5 Promote sustainable production and consumption The sustainability of agriculture production includes economic viability, social inclusion and environmental protection. Both production and consumption patterns need to be addressed to encourage healthier more sustainable diets. Current patterns of production and consumption are not sustainable, and EU policies and instruments must provide incentives to create positive change, without compromising European agriculture ability to compete in the market. Focus on nutritional quality Quality of food is one of the prime drivers of what people eat and ensuring quality of the food we eat is important for maintaining consumer confidence. While quality is important in maintaining EU competitiveness in agriculture, this must not be at the expense of the affordability of a safe and nutritious diet for all layers of society. Food as central element in agriculture policy The primary role of EU agriculture is, and should remain on guaranteeing the production of safe, nutritious, affordable food. Pressure on land and water resources make it increasingly important to focus on production of food. Food should not only be viewed as a commodity, but as universal human right. CAP should not promote production and export of crops or products defined as public health damaging (such as tobacco) whilst the EU is increasing efforts and funding to encourage healthier lifestyles. Price volatility and governance in the food system The CAP should address extreme price volatility in food prices, not just to ensure the livelihood of farmers, but ensure that food is affordable for all layers of society. Instruments should be developed that not only manage crisis but work towards a more sustainable and fair food system, addressing concentration and power in the food system to prevent distortions and instability in prices or food availability. Contribute to feeding a growing world population adequately EU agriculture policy can and should contribute to meeting increasing global demand for 5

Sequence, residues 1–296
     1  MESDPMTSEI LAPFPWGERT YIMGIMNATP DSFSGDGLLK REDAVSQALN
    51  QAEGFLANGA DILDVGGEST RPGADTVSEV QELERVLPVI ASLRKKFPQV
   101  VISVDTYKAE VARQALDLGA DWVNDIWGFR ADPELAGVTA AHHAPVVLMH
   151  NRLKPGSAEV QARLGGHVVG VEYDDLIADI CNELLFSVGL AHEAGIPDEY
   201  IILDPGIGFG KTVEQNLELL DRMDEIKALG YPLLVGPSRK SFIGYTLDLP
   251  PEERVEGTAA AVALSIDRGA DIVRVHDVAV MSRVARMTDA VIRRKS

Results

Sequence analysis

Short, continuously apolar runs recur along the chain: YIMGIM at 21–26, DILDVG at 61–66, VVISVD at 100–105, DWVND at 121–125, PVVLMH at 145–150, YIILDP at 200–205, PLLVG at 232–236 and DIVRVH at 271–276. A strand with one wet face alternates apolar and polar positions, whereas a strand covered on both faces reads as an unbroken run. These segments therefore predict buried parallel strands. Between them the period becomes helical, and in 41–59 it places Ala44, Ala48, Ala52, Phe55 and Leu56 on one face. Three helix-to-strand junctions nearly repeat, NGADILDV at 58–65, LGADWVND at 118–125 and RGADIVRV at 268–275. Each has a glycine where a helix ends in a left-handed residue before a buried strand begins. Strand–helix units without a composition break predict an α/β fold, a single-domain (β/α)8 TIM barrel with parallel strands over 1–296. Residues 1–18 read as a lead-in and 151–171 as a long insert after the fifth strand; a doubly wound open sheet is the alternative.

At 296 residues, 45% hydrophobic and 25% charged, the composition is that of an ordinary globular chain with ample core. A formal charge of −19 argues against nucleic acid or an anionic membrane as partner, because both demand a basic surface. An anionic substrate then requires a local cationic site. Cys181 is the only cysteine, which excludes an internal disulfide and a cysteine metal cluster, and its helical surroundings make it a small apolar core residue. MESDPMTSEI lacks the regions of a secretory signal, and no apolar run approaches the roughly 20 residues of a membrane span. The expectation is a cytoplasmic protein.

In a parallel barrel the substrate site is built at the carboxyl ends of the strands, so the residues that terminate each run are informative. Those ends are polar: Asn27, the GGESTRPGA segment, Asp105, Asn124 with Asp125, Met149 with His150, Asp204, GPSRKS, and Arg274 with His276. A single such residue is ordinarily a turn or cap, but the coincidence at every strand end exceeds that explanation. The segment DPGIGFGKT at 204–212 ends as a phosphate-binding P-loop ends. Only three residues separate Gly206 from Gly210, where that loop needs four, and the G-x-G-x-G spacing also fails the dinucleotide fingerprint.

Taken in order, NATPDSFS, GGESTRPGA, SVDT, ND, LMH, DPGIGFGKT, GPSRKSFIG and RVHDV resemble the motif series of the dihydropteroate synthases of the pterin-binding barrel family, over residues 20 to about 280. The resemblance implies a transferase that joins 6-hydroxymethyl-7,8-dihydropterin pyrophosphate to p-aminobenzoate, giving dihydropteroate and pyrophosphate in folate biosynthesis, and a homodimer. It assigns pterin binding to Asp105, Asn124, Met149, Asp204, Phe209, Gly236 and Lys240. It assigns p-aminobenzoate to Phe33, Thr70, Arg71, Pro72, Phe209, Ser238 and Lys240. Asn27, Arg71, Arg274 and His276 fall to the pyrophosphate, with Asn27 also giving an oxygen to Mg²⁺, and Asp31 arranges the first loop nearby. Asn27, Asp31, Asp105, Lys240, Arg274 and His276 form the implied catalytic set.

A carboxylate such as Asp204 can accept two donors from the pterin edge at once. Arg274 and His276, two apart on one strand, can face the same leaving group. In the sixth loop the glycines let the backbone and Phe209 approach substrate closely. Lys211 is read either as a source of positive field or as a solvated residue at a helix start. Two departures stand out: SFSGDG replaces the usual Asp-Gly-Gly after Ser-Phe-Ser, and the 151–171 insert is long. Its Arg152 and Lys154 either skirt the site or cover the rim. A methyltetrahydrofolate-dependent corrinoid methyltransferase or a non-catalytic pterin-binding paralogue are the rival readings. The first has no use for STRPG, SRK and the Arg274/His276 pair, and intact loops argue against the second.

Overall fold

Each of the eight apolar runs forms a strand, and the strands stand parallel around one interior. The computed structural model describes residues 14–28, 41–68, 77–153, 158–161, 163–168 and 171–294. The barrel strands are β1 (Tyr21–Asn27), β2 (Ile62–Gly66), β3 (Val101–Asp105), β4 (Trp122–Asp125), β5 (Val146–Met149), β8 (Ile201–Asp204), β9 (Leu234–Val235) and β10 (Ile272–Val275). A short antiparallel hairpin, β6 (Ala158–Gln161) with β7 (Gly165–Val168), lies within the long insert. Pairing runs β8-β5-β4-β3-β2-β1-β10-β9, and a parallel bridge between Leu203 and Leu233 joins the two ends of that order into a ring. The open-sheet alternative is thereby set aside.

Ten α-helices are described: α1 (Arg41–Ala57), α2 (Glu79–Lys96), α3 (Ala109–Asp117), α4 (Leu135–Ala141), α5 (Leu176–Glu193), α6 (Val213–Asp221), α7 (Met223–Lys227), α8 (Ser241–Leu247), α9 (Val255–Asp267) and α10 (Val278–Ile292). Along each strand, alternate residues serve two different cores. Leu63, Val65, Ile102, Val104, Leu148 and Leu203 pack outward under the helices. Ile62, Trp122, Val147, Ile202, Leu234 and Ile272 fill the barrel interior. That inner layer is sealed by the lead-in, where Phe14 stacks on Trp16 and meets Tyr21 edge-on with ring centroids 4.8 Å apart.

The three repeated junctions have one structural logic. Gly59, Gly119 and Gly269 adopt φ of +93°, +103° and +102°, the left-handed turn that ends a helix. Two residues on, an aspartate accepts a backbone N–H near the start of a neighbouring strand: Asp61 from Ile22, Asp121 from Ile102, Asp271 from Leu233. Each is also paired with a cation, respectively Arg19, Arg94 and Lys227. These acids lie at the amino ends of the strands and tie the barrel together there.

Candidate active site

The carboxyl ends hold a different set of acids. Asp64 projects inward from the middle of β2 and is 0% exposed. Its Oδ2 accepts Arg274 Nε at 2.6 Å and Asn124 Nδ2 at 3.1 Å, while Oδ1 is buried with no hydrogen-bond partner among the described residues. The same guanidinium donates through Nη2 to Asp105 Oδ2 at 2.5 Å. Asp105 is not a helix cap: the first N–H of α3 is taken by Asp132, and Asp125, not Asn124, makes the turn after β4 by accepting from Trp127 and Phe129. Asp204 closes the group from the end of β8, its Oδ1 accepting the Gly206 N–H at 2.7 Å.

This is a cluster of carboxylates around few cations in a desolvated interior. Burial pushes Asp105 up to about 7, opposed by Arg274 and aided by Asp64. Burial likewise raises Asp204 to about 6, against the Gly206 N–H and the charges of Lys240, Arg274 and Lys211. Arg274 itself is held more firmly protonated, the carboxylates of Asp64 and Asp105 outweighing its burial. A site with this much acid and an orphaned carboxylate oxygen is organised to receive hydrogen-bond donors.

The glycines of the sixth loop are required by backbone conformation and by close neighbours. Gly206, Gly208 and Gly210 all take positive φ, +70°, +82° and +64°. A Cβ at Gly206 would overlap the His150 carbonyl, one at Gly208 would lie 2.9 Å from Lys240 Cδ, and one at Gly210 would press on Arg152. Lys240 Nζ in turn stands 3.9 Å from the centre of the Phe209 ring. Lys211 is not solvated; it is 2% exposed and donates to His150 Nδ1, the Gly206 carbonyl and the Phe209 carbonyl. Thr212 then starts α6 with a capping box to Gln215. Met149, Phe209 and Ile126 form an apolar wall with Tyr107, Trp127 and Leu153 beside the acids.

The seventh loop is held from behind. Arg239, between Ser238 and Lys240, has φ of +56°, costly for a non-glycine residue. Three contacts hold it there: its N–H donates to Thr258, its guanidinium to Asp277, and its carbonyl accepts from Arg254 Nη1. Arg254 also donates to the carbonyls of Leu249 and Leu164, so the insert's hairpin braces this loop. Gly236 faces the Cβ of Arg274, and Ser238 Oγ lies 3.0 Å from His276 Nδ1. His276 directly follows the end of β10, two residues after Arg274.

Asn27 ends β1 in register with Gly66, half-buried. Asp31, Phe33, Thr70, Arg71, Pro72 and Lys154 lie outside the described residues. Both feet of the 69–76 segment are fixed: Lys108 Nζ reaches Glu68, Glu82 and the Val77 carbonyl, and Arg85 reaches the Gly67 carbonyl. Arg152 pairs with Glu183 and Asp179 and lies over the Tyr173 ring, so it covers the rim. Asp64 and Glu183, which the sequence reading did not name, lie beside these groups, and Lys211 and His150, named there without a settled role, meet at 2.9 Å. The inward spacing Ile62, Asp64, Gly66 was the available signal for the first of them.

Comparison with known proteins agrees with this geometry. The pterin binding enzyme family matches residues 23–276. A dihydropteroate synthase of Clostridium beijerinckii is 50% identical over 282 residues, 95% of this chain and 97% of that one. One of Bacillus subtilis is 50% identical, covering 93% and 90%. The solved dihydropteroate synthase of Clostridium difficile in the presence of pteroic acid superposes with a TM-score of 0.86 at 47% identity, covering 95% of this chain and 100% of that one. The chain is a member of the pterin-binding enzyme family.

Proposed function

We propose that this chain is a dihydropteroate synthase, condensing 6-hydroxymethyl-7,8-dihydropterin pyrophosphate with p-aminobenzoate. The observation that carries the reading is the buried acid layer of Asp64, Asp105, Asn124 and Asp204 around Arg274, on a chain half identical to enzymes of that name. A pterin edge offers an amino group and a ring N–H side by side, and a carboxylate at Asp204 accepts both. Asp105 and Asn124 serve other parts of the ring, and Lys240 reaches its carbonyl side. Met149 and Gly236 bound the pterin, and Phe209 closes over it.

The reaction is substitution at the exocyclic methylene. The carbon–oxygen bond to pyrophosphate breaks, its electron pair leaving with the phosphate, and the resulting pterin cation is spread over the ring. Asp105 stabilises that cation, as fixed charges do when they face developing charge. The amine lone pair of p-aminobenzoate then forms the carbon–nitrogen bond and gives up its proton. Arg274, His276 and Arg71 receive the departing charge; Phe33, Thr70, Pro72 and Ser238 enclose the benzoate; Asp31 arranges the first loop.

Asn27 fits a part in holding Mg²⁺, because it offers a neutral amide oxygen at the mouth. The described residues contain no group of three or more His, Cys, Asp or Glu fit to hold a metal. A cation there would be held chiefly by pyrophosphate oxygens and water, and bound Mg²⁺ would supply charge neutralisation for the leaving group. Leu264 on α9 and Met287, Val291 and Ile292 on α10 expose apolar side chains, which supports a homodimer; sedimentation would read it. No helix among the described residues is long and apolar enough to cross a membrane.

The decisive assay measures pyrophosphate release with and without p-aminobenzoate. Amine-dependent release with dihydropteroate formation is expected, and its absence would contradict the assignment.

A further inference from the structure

6 food. Meeting increasing demands for food, will not only require technology that increases food production, but will require addressing current consumption patterns and providing incentives to move production and consumption towards increasingly plant based diets. Support long term investment in research and development in agriculture and food CAP must support investment in innovation in agriculture and food, providing a balanced research agenda that not only invests in new technology, but agro-ecological and human ecological models of research. Based on sound impact assessment Future CAP should be based on a sound impact assessment, as a precondition for meeting future objectives. Health, social and environmental impact should be a central measure in any impact assessment process. 6